I have tried 5 different tool steels they are ( in my opinion..)
Listed by sharpness of cut

M-40 cobalt
Lindsay's carbalt
C-max
Lindsay's HSS
Glensteel

Listed by brittleness
M-40
C-max
Lindsay's Carbalt
Lindsay's HSS
Glensteel

The M-40 is almost too brittle for my taste at least for use in stainless and in honesty is something I got early on in my engraving devers as it was inexpensive and I could make a variety of different gravers to get the knack for sharpening and see what I liked and didnt like.. however it does give clean cuts.
The Carbalt is nice cut but has a similar problem of being brittle although not as bad, but due to the added cost when I order with the handpiece I only have a couple to play around with.

The glensteel Is my preferred choice for most of my general shaping for my background removal right now as it doesn't chip very ofter even when cutting a tight radius (which admittedly is where most of, but not all of, my tips chip..) it does dull rather quickly, but it's a lot faster to re sharpen the cutting edges than to recut a chipped point.

I have nothing against the C-max cut on the stainless but everything I have used besides the glensteel chips *shrugs* part of the nature of the beast I guess.

All that being said
I have been continuing to use all or at least most of them because with the fixture I use it takes only a couple minutes to resharpen each while I'm at it and it's less frustrating then resharpening every time a tool chips or goes dull. Plus you get a feel for what and where you can and can't make different gravers work..

I am working with 90 and 120 degree cutting edges and approximately 15 deg lift and 45 face angles.. I don't really have a good reason that I have not changed my face angle except that is the way I built my fixtures.. but it is easy enough to change that so maybe I will throw that wrench into the cogs right now as I am about to sharpen tools...

Man, when I start rambling... Sorry for the lengthy post.
 

oniemarc

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For stainless...your control needs to be as perfect as you can get it. Your gravers will not be able to stand even the slightest wobble of your hand, it will simply break/chip the tip of your graver. The lines you cut on the mountains should be no problem whatsoever in stainless. Or...at least not in the right stainless. Some are just horrible to cut as stated above.
As a beginner, I would try and stay away from stainless untill you have a solid control of your handmovements. Gradually move up in hardness of the material you are engraving. And..be prepared to be de-motivated every time you get to a harder metal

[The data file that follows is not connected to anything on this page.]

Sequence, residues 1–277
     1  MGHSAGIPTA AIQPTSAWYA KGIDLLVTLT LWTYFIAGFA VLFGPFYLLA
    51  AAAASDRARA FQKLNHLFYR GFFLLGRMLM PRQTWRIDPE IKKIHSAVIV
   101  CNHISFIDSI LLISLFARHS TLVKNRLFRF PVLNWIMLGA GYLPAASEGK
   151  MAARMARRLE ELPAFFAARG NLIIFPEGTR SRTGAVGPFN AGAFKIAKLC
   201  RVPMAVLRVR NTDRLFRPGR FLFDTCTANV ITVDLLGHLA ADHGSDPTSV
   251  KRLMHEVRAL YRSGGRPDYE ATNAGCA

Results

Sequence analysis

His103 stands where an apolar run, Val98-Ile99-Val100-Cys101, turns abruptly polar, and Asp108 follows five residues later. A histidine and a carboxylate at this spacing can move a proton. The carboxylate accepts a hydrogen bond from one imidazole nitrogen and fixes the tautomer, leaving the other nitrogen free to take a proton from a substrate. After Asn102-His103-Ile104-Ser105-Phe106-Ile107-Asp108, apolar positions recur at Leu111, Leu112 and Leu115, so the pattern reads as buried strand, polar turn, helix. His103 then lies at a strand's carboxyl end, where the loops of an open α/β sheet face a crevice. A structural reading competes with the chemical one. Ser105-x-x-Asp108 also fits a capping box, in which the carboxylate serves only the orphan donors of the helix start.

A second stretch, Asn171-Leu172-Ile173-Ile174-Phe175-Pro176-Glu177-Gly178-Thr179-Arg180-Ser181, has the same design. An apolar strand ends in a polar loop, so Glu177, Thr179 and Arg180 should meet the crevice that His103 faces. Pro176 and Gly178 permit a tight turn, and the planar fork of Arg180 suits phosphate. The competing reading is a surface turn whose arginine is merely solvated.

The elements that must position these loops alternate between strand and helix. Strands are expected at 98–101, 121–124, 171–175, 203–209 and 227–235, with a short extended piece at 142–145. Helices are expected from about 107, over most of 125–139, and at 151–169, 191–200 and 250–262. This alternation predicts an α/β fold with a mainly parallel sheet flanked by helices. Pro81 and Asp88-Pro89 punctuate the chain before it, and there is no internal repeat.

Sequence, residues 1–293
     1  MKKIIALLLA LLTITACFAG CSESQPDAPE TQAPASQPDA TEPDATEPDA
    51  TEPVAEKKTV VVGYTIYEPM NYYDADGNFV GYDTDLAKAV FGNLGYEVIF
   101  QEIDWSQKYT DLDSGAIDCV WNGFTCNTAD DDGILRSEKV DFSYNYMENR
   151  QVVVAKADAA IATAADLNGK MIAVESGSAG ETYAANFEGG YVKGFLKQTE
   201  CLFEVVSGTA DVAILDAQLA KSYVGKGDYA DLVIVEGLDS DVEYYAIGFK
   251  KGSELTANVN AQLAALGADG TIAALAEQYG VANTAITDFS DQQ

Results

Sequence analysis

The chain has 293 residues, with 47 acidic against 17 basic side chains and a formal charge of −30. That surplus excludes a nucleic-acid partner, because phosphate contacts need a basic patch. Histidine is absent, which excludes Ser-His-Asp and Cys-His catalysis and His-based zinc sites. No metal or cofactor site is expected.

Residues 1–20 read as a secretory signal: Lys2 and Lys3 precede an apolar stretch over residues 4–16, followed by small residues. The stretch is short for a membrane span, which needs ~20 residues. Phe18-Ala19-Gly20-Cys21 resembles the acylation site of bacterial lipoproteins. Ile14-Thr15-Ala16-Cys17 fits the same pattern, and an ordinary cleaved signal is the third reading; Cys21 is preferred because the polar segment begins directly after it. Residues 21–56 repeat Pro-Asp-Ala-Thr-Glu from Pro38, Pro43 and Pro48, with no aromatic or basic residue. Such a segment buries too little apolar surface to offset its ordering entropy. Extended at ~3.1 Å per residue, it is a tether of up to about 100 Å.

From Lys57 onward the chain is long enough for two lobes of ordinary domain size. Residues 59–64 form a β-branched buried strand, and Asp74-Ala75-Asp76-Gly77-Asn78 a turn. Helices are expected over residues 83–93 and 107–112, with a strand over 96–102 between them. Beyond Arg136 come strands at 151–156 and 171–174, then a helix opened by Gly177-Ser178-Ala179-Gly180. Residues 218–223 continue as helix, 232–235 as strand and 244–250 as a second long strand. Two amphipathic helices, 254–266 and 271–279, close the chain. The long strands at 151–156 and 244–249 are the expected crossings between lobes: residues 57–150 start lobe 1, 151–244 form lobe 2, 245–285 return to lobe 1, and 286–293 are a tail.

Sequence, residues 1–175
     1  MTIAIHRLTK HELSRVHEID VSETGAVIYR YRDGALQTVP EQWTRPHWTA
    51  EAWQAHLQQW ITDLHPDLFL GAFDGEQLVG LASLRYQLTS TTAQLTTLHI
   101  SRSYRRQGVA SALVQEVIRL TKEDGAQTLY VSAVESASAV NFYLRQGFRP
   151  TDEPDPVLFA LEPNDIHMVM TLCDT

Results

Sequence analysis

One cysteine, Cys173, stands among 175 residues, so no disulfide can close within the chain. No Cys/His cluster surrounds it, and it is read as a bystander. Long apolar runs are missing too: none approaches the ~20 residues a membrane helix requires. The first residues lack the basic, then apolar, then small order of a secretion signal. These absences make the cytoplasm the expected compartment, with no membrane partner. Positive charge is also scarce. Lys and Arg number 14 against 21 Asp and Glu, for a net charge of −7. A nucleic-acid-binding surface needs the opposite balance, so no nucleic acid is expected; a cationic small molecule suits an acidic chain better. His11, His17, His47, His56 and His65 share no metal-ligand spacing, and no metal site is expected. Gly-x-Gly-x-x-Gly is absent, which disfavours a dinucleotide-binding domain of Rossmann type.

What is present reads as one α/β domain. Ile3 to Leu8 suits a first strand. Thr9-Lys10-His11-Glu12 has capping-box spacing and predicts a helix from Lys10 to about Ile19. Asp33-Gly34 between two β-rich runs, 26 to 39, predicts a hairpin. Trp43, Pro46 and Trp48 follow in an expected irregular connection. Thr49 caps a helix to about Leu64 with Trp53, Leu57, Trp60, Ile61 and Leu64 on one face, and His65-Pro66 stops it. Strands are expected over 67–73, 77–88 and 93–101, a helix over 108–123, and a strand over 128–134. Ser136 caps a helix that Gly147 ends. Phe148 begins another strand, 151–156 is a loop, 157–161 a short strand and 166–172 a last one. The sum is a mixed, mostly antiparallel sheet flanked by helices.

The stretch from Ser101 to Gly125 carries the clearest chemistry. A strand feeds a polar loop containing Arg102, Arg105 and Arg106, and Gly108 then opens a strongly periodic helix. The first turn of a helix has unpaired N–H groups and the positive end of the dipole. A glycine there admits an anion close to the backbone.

Marc
 

alwayslearning2012

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Thanks all for replying. Firstly, I know I can make better cuts the those. I just thought I'd place some really embarrassing work out there from the start. That way it will make anything look like progression. :)

I'm not gonna quote all the seemingly great advice I've been given. So I'll take them one at a time;

To: T.G III- Thanks for the photography link, It gave me inspiration for something to try out. You are a keen observer. I was forcing the handpiece. Every time I cut I try to remind myself to relax. I don't really know if it's
natural instinct that makes one want to add force. I'm still battling.

To: Doug; (if I may call you that). I don't think I'm at this stage of my journey, I might want to try out different face angles. Although.... I have some C-max 1.8 mm blanks. (ten actually). I think it was a Ken Hunt video that showed the narrower the angle, the darker the reflection of the cut to the un-aided human eye. I plan to sharpen these to 80, 70, 60, 50 and 45. There are 2 each. I was toying with the idea of 2 different face angles. like maybe 50 and 60. Just to see how they cut. But since I'm sharpening by hand, this is going to be quite the challenge. And I want to experience the effort that it took those engravers so long ago to create a working graver. One like Aegidius Sadeler, for example.

To: Meshach: I didn't think you were rambling. Quite the contrary. I found your advice to be enlightening.
I do have some glensteel gravers. One is a 90 blank, and the other I made on my first attempt at sharpening with an Apex fixture, but didn't really know what I was doing. Int the end, I did think I might have a better result using Glensteel on stainless.

And Lastly,

To: Oniemarc: It took a lot of time for me to get those gravers in usable condition. So I will be staying
away from stainless for sometime.

Thanks all for taking the time.

AL12